LOS ANGELES — The boys from Compton smashed opening weekend expectations, while the stylish "The Man From U.N.C.L.E." struggled to find its footing.
Universal's N.W.A. biopic earned an astonishing $56.1 million in its debut, according to studio estimates Sunday.
Director F. Gary Gray's well-received film charts the formation and rise of the influential rap group. It cost just $29 million to produce.
N.W.A. members Dr. Dre and Ice Cube served as producers on the film, which has Ice Cube's real son O'Shea Jackson Jr. playing his father. Dr. Dre also released the companion piece "Compton," — his first new album in 16 years.
Nick Carpou, Universal's president of domestic distribution, said they were "elated" with the results. Universal had previously predicted a very conservative $25 to $30 million opening.
"It really struck a chord with audiences. It's a story that is resonating right now," said Paul Dergarabedian, Rentrak's senior media analyst. "It was one of those records that was an important work and a very important expression of a particular viewpoint. To this day, that album has so much power."
Beyond the fandom around N.W.A. and the timeliness of the themes, Universal also launched a clever marketing campaign around the film, "Straight Outta Somewhere," which allows social media users to insert photos in the iconic "Straight Outta Compton" album cover and write in a hometown of their choosing.
There have been over 5.4 million downloads to date and it trended No. 1 across Facebook, Twitter and Instagram for two days in a row.
"We've got the best marketers in the business and they understand their audiences," Carpou said. "The good news here is it attaches to a product that we're exceedingly proud of."
According to exit polls, audiences for the R-rated film were evenly divided between genders, 51 percent were under the age of 30, 46 percent were African-American and 23 percent Caucasian.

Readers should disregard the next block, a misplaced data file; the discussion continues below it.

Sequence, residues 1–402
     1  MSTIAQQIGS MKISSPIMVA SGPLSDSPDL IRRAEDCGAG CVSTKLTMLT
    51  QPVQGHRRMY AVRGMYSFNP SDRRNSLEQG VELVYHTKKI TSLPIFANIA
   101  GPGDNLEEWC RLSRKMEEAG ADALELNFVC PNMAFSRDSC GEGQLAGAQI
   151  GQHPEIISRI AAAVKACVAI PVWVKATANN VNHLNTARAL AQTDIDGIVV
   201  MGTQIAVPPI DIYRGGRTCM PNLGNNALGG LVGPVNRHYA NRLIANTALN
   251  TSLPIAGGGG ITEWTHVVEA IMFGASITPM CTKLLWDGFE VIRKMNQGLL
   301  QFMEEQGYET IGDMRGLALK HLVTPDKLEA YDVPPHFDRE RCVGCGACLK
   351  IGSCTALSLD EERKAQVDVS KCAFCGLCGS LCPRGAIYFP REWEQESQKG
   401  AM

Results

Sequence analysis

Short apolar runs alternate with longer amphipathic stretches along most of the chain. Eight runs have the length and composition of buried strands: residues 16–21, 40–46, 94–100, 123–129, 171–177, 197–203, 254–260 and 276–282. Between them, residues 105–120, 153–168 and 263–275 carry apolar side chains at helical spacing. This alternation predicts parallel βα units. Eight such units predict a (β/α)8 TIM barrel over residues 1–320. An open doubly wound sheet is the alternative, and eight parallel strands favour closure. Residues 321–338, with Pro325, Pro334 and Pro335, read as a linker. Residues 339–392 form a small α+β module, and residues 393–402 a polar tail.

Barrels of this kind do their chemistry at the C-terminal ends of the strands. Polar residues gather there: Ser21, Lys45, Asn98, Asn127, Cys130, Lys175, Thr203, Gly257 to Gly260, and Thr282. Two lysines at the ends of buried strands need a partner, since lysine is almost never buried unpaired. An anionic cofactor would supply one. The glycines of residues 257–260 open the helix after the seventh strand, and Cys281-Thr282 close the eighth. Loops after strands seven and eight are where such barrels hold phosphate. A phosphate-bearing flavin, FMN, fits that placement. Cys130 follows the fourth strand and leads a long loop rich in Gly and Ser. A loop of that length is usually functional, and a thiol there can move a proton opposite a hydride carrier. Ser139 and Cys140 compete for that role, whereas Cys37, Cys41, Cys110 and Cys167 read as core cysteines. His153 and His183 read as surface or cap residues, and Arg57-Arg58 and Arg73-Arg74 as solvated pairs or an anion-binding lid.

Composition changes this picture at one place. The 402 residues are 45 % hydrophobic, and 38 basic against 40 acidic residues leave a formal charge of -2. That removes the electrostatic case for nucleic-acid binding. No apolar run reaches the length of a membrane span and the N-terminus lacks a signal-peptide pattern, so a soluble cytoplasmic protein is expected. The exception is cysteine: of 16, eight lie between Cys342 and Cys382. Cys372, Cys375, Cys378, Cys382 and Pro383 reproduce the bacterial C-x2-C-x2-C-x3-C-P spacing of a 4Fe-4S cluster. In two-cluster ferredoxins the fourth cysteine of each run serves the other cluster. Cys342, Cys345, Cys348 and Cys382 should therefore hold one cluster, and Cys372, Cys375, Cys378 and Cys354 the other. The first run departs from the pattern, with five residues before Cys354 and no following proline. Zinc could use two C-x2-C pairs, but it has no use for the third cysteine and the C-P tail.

Meanwhile, Warner Bros. PG-13-rated adaptation of the 1960s television series "The Man From U.N.C.L.E." debuted in third place, behind "Mission: Impossible — Rogue Nation," with a sluggish $13.5 million.
"I was hoping for a little higher number, quite frankly," said Jeff Goldstein, executive vice president of domestic distribution for Warner Bros. The goal had been a modest $15 million. The period spy thriller will have an uphill battle to make up its $80 million production budget.
"(Director) Guy Ritchie made an original and fun movie. Eighty-six percent of our audience was over 25 and 39 percent are over 50," he said. "Older audiences, we all know, don't rush out opening weekend."
"The Man From U.N.C.L.E." stars Henry Cavill and Armie Hammer as a pair of American and Russian agents in the fashionable Cold War-era film.
Goldstein noted that they weren't able to attract a significant younger audience, who are likely not familiar with the source material. The 7 percent who did turn out gave the film a favorable A- CinemaScore, and Goldstein hopes that word-of-mouth will spread in the coming weeks.
Fox's "Fantastic Four" plummeted to $8 million to take the fourth place spot, while "The Gift" took fifth with $6.5 million.
But it's Universal's weekend to celebrate once more in what has become a banner year for the studio. Universal crossed the $2 billion mark domestically on Saturday — four months ahead of previous record-holder Warner Bros.
"Straight Outta Compton" is Universal's 6th film to open over $50 million in 2015 and broke the August record for an R-rated opening.
"If you were to create a blueprint for how to perfectly execute a box office year, they've done it," said Dergarabedian.
Estimated ticket sales for Friday through Sunday at U.S. and Canadian theaters, according to Rentrak. Final domestic figures will be released Monday.
1. "Straight Outta Compton," $56.1 million.
2. "Mission: Impossible — Rogue Nation," $17 million.
3. "The Man From U.N.C.L.E.," $13.5 million.
4. "Fantastic Four," $8 million.
5. "The Gift," $6.5 million.
6. "Ant-Man," $5.5 million.
7. "Vacation," $5.3 million.
8. "Minions," $5.2 million.
9. "Ricki and the Flash," $4.6 million.
10. "Trainwreck," $3.8 million.
Universal and Focus are owned by NBC Universal, a unit of Comcast Corp.; Sony, Columbia, Sony Screen Gems and Sony Pictures Classics are units of Sony Corp.; Paramount is owned by Viacom Inc.; Disney, Pixar and Marvel are owned by The Walt Disney Co.; Miramax is owned by Filmyard Holdings LLC; 20th Century Fox and Fox Searchlight are owned by 21st Century Fox; Warner Bros. and New Line are units of Time Warner Inc.; MGM is owned by a group of former creditors including Highland Capital, Anchorage Advisors and Carl Icahn; Lionsgate is owned by Lions Gate Entertainment Corp.; IFC is owned by AMC Networks Inc.; Rogue is owned by Relativity Media LLC.
Follow AP Film Writer Lindsey Bahr on Twitter at: http://twitter.com/ldbahr